Psychological Science Accelerator
Human behavior, by default, is a very complicated thing that is hard to capture in small and specific experiments. The Psychological Science Accelerator, winner of the 2022 Institutional Award, has made its name by facilitating large, crowdsourced international studies in all aspects of the discipline and by democratizing and diversifying big team psychological science.
After attending the Society for the Improvement of Psychological Science conference in 2017, Christopher Chartier, Associate Professor of Psychology at Ashland University, Ohio, was inspired to write a blog post about how a “CERN for Psychology” could help tackle the research reproducibility crisis impacting psychology and other areas of science. The post was extremely popular, and within a month, over 100 psychology labs had asked him where they could sign up.
Chartier’s fledgling idea turned into the Psychological Science Accelerator (PSA), a distributed network to enable and support crowdsourced research projects. Five years later, the organization has 2,468 members in 73 countries. Although many of the members are based in Western Europe and North America (around two thirds), 12% are in Eastern Europe, 9% in Asia, 5% in Latin America, and 2% in Africa.
Nicholas Alvaro Coles, now Director of the PSA, was working on his PhD at the University of Tennessee when he helped lead the organization’s first big study on face perception. Similar studies had been carried out in the past, but primarily in Western regions. This initial study, published in the journal Nature Human Behaviour, recruited 11,570 participants in 41 countries — an impressive feat given that most psychological science studies typically struggle to recruit more than a few hundred participants and are mostly carried out by White scientists from Western countries.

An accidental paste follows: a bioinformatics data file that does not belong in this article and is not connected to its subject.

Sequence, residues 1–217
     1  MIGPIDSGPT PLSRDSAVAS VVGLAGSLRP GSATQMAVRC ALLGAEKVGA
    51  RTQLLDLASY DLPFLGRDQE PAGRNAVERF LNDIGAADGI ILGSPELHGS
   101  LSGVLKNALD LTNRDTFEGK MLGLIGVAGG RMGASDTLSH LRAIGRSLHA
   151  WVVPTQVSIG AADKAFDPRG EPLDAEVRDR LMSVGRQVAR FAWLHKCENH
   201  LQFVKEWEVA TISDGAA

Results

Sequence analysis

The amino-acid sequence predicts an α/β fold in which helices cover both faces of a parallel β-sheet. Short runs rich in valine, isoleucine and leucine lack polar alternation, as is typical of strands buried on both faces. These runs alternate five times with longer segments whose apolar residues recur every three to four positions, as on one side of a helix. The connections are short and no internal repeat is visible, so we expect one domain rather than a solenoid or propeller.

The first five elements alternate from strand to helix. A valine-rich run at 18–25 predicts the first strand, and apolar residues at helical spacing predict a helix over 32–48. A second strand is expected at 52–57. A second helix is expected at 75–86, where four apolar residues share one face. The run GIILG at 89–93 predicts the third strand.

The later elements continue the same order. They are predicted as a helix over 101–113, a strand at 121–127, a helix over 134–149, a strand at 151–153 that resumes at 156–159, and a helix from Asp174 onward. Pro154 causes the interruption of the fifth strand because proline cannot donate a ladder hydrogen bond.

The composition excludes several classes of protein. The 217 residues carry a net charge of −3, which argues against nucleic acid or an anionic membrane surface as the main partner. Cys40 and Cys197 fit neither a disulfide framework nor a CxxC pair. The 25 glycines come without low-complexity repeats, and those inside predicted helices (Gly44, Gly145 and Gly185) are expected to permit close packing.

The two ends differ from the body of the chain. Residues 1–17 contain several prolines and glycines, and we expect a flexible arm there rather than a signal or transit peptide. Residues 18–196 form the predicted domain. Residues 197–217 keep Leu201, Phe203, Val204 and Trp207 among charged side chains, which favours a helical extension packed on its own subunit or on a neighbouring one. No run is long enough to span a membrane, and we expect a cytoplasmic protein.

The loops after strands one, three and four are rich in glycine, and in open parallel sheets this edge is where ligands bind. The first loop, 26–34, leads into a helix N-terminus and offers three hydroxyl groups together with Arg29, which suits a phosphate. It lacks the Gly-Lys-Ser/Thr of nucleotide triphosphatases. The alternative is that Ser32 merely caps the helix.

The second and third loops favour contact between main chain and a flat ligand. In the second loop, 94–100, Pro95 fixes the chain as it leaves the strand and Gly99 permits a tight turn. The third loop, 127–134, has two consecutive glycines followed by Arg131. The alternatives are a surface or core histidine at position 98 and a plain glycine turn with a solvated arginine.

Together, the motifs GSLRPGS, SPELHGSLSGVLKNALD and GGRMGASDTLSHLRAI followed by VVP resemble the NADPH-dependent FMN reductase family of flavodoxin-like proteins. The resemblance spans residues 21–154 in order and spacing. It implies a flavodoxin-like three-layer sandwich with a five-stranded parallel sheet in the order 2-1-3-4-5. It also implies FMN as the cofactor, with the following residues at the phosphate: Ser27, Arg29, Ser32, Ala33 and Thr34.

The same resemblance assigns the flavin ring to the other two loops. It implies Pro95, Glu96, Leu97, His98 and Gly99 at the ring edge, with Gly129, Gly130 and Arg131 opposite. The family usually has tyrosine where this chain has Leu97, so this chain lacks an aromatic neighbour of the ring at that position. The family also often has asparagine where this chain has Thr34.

“As a graduate student, I thought this was a very unique way of collaborating — the most promising way we can tackle the big questions,” says Coles. “That’s why I decided to double down and focus on further building up big team science.”
“What can happen throughout academia is a siloing of expertise into small clusters of individuals who have direct power relationships with one another. What is exciting about the Psychological Science Accelerator is that this is a grassroots network of individuals from across the globe who have come together to try to disrupt that pattern.” (Suzy Styles)
A key distinguishing factor about the Psychological Science Accelerator is its distributed nature and democratic decision-making across the membership. This is one main factor that impressed Einstein Foundation Award jury member Suzy Styles, an Assistant Professor in Psychology at Nanyang Technological University in Singapore, about the organization. “What can happen throughout academia is a siloing of expertise into small clusters of individuals who have direct power relationships with one another,” she explains. “What is exciting about the Psychological Science Accelerator is that this is a grassroots network of individuals from across the globe who have come together to try to disrupt that pattern.”
Coles was appointed Director in early 2021. With funding from Stanford University, he now fully dedicates his time to running the Accelerator. Since he has been in the post, the Accelerator has gone from strength to strength. It now has 12 projects in its portfolio, three published in Nature Human Behaviour, one in PNAS and one in Affective Science, with plans for many more in progress.
The largest study the organization has produced so far involved testing a brief cognitive intervention to improve emotional well-being during the pandemic, one of three large COVID-19-related studies completed by the Accelerator. It involved over 450 researchers, who collected data from nearly 28,000 participants in 87 countries and 42 languages.